"There was only one Bob Paisley and he was the greatest of them all. He went through the card in football. He played for Liverpool, he treated the players, he coached them, he managed them and then he became a director. He could tell if someone was injured and what the problem was just by watching them walk a few paces. He was never boastful but had great football knowledge. I owe Bob more than I owe anybody else in the game. There will never be another like him." - Kenny Dalglish
Liverpool won the League championship SIX times in NINE seasons under Bob Paisley in 1976, 1977, 1979, 1980, 1982 and 1983.
Liverpool won the European Cup THREE times in 1977, 1978 and 1981 and the UEFA Cup in 1976.
Liverpool won the League Cup THREE years in a row in 1981, 1982 and 1983.
Bob Paisley was voted Manager of the year: 1976, 1977, 1979, 1980, 1982 and 1983.
His record speaks for itself as the most successful manager in Liverpool's glorious history.
In addition to the above honours, Bob Paisley's Liverpool also finished as League runners-up twice, won the Charity Shield on 5 occasions, reached 2 F.A. Cup semi-finals and 1 League Cup semi-final.
During Paisley's reign, Liverpool set an all-time record of 85 home games unbeaten in all competitions. This run included 63 league matches and stretched over 3 years from 7th February 1978 to 31st January 1981.
The words so much quieter
Than the deeds
And the philosophy snug
Beneath the flat cap
Upon a head that desired
No other crown
Whose heart wrapped itself
In the warmth of wool and
Not the fickle spotlight
Sharon Marshall (Beautiful Game) 2001
This is Your life with Bill Paisley is no longer lost - It has been uploaded on YouTube for all to enjoy! The show was recorded on 12th November 1977 and broadcast on 28th December 1977. The original recordings had been destroyed and it was only in the faint hope that someone who had recorded this on VHS back in 1977 would one day upload this. That has finally come true thanks to a man by the name of Pete Day.
Jessie Paisley who was married to Bob Paisley for half a century died this Wednesday morning 96 years of age. "She was the driving force behind my dad," son Graham told LFC.tv today. "She idolised my dad and was very much Liverpool Football Club through and through. In fact, the last piece of good news she got was the team beating the two Manchester clubs in the cups - she was very pleased about that. She was so fully supportive of what my dad did - she was always 100 per cent behind him. There was no side to her and she never begrudged the time he'd have to spend away from home.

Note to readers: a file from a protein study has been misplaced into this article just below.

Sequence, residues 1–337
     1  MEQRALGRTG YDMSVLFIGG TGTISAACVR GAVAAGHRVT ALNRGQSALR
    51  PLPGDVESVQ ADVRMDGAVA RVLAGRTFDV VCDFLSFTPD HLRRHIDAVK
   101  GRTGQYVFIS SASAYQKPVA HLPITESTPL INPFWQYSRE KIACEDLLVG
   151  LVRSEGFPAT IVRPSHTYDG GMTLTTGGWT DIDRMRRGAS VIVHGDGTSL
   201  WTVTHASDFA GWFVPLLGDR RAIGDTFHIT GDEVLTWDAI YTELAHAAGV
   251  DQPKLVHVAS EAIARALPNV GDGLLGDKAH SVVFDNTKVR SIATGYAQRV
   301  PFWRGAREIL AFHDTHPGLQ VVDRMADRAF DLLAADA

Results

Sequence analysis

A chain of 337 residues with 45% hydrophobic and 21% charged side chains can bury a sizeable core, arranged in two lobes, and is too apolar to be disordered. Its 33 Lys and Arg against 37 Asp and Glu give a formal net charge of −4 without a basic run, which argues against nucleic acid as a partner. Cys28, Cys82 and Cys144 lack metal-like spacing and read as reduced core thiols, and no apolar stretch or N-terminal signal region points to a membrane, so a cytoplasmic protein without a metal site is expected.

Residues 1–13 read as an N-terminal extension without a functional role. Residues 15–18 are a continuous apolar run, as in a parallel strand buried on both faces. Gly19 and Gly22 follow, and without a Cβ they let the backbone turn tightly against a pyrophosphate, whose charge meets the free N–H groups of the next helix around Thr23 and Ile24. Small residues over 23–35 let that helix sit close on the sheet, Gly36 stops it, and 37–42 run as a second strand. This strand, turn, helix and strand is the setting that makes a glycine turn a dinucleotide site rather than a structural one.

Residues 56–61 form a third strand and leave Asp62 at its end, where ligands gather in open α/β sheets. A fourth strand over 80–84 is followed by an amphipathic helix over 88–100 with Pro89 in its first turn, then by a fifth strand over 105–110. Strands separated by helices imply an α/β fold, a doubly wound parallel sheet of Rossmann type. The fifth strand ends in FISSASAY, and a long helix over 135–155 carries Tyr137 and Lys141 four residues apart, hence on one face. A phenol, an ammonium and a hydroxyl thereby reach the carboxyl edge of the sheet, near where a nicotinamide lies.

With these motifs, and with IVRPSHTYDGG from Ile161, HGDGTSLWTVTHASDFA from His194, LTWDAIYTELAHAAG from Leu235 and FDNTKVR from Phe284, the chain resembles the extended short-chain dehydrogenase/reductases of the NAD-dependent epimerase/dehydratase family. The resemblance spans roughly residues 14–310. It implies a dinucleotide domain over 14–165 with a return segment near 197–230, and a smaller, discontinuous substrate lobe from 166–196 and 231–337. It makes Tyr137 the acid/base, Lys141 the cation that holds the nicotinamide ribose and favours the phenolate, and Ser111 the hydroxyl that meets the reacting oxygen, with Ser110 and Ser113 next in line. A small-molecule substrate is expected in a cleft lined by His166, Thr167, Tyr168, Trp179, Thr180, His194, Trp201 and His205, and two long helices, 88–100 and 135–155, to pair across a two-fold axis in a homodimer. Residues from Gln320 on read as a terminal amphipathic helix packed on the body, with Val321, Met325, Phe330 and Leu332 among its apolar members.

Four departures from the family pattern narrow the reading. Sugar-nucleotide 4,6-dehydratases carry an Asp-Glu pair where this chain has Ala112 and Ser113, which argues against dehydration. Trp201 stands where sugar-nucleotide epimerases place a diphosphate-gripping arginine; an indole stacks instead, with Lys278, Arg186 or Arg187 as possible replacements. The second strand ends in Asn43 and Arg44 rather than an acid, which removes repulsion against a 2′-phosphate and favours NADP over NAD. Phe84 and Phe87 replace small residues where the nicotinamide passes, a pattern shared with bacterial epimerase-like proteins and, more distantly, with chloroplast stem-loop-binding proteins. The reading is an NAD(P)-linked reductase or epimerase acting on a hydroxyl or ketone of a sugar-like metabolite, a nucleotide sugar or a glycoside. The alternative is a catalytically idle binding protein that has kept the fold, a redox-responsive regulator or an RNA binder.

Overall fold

"She was a schoolteacher most of her working life, so when my dad was off on his travels, she was very much the one in charge of the family. She controlled what was going on and even controlled my dad when he was at home - she was a very organised lady. In many ways, she was his unpaid secretary and would help him write speeches and respond to correspondence. Obviously the demands of football were different back then to what they are now, but she was very protective of his limited home life. If he came home and things were stressful, she knew when to say something or when not to mention anything about games - she got the balance right most of the time."
Paul Tomkins' book, Dynasty, is a reassessment and an in-depth analysis of every manager of the club over the last 50 years. Bobpaisley.com offers you an exclusive look into an abridged version of Dynasty's chapter on Bob Paisley. Read Paul Tomkins on Bob Paisley.
"As a former headmaster I thought I was pretty hot at weighing up people and situations. But you have to be quick and alert to keep up with this fellow ! I've watched many matches with him not involving Liverpool and very little escapes him. When a goal's scored he'll have the complete move analysed in a flash and he'll often emphasise the contribution of players running off the ball who were not directly involved. You might not even have been fully aware of them yourself.
Every scrap of information is stored in his memory. He astounds me by recalling detailed incidents of matches we saw a long time ago. He's not given to idle chatter, and after we've watched a match together, often he'll hardly say a word for long periods on the journey home. That's probably when he's concentrating and reflecting on what he's seen at the game, which he can instantly recall."
Tom Saunders, former Liverpool youth development officer